Are you thinking about an appropriate reason for leaving your job? You are concerned about your answer. When you’re applying on to a new role and moving for a new job, one of the most important questions you’ll need to answer is why you are leaving or have left a job. Your manager may want to know why you are resigning, and the hiring manager will want to know why you moved on.
Out of all the questions, recruiters can probably ask you in an interview, “Why did you leave your last job?” and this could be one of the most difficult to answer. To adequately explain this subject, you need to frame your response in a way that shows recruiters that you know what’s essential to you and how to handle less than perfect circumstances. However, remember to not sound ungrateful for the chances you had in your previous company to grow as it might come off like you’re still cynical about how you left things with your last boss.
7 Reasons for Leaving a Job
Down here we have some best reasons you could you for leaving a job.
Pursue Different Aims
Goals might involve a total career flip, or join college again to gain additional qualifications.
These reasons are adequate, yet make sure you are always concentrating on your career development.
For instance, if you left your previous job to learn photography and you had to travel to different places, share your discovery of different cultures and customs, and beautiful lessons, you learned along with the trips. Don’t share your clubbing and pubbing stories.
- I chose to take some time for my passion and wanted to see the world through my lens.
- I wanted to take a year out for photography so that I could learn more about the beauty of this world, and this will help me spread positivity.
“I took some money from my parents, and so I chose to have a bit of fun for a year.”
The Organization Restructured or the Policies Revised
Organizations grow and emerge, and as a result, internal policies change. Answer it very carefully, as it might sound resentful or imply that you were unwilling to try and adapt to the new systems.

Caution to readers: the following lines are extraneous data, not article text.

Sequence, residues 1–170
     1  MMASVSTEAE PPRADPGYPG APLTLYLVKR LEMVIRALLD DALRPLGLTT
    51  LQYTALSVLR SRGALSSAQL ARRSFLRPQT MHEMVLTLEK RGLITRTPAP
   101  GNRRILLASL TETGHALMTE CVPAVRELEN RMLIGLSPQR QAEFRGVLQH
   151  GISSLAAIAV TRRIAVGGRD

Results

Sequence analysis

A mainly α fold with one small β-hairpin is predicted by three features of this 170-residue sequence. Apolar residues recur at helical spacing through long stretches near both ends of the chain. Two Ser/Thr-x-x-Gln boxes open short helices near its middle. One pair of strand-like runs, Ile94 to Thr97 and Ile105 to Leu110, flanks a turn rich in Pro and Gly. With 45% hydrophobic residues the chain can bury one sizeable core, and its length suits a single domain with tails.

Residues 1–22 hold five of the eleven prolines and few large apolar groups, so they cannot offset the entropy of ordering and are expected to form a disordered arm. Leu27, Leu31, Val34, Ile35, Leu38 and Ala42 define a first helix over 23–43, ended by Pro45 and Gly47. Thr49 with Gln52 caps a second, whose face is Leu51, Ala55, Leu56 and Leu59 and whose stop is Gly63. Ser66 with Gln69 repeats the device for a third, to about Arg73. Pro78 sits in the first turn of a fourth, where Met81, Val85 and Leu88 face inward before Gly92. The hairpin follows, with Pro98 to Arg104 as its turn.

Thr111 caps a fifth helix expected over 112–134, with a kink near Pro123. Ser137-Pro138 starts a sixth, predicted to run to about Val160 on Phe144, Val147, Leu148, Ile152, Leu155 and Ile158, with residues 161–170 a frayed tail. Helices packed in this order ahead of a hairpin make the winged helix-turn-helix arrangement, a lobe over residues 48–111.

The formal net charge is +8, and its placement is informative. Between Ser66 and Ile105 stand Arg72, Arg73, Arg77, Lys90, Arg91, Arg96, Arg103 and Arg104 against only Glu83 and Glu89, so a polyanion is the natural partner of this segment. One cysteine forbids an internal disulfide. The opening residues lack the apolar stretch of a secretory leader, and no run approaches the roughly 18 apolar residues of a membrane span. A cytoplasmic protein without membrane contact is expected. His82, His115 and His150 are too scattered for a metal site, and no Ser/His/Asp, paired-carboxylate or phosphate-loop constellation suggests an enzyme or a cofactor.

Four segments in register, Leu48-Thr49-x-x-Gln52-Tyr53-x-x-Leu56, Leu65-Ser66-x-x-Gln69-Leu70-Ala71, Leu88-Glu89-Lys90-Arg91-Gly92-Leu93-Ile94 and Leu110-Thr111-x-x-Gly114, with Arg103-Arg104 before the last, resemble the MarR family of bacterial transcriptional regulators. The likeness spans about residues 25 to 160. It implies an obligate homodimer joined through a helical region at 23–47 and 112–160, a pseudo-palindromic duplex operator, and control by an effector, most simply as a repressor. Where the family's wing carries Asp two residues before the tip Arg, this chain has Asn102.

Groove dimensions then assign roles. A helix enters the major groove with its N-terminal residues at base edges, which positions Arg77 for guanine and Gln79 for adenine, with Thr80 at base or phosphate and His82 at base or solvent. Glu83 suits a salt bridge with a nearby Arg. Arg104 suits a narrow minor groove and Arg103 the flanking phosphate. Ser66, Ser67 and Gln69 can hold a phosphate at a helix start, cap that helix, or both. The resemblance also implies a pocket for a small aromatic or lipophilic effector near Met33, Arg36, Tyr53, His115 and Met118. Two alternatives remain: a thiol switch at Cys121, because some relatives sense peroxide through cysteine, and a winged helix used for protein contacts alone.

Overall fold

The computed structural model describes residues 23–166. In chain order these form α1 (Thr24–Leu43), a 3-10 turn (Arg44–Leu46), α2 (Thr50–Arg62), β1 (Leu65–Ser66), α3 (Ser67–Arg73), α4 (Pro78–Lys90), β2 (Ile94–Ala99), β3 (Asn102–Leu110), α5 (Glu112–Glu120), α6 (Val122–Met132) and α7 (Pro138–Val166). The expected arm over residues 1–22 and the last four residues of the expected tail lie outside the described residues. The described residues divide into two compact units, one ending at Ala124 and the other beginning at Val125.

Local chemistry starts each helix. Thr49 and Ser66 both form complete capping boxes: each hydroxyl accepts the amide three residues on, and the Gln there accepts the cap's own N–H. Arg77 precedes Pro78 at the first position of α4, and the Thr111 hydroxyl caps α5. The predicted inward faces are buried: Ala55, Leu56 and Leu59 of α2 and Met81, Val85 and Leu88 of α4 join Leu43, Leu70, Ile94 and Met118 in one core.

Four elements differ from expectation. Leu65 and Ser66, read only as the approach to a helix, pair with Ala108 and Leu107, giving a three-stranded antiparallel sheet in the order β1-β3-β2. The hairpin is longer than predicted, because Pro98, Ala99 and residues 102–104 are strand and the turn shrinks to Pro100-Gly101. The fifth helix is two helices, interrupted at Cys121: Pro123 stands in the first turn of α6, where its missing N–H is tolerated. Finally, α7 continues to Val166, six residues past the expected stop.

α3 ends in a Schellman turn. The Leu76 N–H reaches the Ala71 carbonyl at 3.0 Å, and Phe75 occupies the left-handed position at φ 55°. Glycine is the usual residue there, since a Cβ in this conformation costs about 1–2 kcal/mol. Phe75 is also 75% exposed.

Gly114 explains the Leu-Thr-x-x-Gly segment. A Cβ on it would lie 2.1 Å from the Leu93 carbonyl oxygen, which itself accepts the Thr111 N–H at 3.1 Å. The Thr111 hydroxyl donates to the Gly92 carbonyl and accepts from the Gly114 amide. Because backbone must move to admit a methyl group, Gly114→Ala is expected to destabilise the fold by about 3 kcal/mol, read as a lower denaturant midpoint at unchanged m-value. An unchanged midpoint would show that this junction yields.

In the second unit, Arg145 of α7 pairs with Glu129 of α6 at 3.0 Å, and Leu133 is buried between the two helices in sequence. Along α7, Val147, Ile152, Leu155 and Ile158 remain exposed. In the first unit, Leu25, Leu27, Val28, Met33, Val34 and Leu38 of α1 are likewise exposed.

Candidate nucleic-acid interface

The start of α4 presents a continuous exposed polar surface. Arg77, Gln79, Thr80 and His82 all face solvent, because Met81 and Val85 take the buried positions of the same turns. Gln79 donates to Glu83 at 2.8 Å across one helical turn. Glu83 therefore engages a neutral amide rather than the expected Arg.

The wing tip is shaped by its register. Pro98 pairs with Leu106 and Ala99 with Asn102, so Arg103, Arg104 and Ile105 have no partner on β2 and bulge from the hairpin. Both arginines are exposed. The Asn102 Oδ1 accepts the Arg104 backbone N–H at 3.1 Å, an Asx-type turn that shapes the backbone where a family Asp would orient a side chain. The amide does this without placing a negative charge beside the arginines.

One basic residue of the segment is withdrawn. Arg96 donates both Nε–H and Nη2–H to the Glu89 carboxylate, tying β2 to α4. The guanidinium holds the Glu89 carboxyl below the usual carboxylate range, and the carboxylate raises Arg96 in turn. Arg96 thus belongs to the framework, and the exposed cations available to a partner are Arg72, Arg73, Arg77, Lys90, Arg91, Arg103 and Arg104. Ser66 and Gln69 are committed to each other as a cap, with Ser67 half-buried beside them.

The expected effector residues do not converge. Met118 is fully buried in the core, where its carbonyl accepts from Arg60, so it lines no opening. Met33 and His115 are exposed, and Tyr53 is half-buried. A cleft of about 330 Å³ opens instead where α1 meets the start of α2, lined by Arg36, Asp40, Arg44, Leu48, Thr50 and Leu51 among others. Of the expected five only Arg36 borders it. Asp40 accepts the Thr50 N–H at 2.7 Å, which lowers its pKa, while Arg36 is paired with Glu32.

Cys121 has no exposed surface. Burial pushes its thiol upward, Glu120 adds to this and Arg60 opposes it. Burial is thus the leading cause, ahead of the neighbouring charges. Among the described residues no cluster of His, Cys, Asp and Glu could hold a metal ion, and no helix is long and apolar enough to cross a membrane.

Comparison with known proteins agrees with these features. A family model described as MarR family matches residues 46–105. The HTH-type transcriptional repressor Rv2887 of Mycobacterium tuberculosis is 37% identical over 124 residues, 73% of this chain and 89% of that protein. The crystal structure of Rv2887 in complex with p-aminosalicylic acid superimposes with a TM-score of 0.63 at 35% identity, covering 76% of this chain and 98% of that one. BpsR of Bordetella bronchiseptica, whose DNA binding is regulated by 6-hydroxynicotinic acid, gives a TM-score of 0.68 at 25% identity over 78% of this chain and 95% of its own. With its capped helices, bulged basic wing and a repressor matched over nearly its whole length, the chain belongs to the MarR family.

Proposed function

“My team members have recently downsized, and the scope of my duties narrowed. Although this was necessary for the organization’s new goals, I believe it’s time for me to taking up opportunities which better fit my skill set.”
“My old boss left, and my other manager is incompetent.”
Looking for Opportunities and Promotion
If you feel you have outgrown your position. You have the right to look for new opportunities proactively. You can mention it to the hiring manager about your specific career goals, such as wish to take on more responsibility.
Do not hint that you didn’t progress at your previous job because you didn’t chase any opportunities and do appear motivated. Don’t speak ill about your last employer.
“I enjoy my current position; however, I am looking forward to accepting a bigger responsibility and take up a position that permits me more space to grow professionally.”
“There’s not much growth in my current position, and I’m fed up with the team who barely notices my existence.”
Health and family always come first and are good reasons for leaving a job. However, remember, never disclose your health issues or weaknesses to your manager if you don’t like to. Hence, be as precise as you want.
“I had family problems which needed me to move closer to my family.”
When You say “I had to leave that job because of health issues.”
“I decided to spend some more time at home. Now that I have enough time knowing myself; I am ready to join the workplace.”
You Weren’t Enjoying the Work
A hiring manager will be influenced by your urge to find a profession which you appreciate and which satisfies you. After all, satisfied is a productive one. Just make sure you don’t accuse your lack of entertainment on your manager.
“Even though I enjoyed the opportunity, after reviewing my long-term purposes, I decided I want to pursue a career in social media instead.”
“I don’t like the company because my boss only gives me a boring assignment to do.”
Current job demands too much travel or frequent transfer
A good hiring manager understands that good work and life balance is crucial to keeping happy, productive employees.
The organization is opening a new branch and moving to a different city. I was offered the position of the branch manager. However, I would prefer to continue residing in this city.
My organization sends me to a different city every three weeks, and it’s very annoying. This answer is not suitable because you blame the employer.
You want flexibility
In your current job, you might not have fixed timings, and the pressure to work at odd hours is too much. However, now, you are looking for a fixed schedule to balance your personal and work life.
The last job had no specific timing, and I needed a flexible schedule to care for my family and focus on my work.
I don’t like to work for odd hours; I would rather be at home.
Share Us your reasons for leaving a job. Comment below!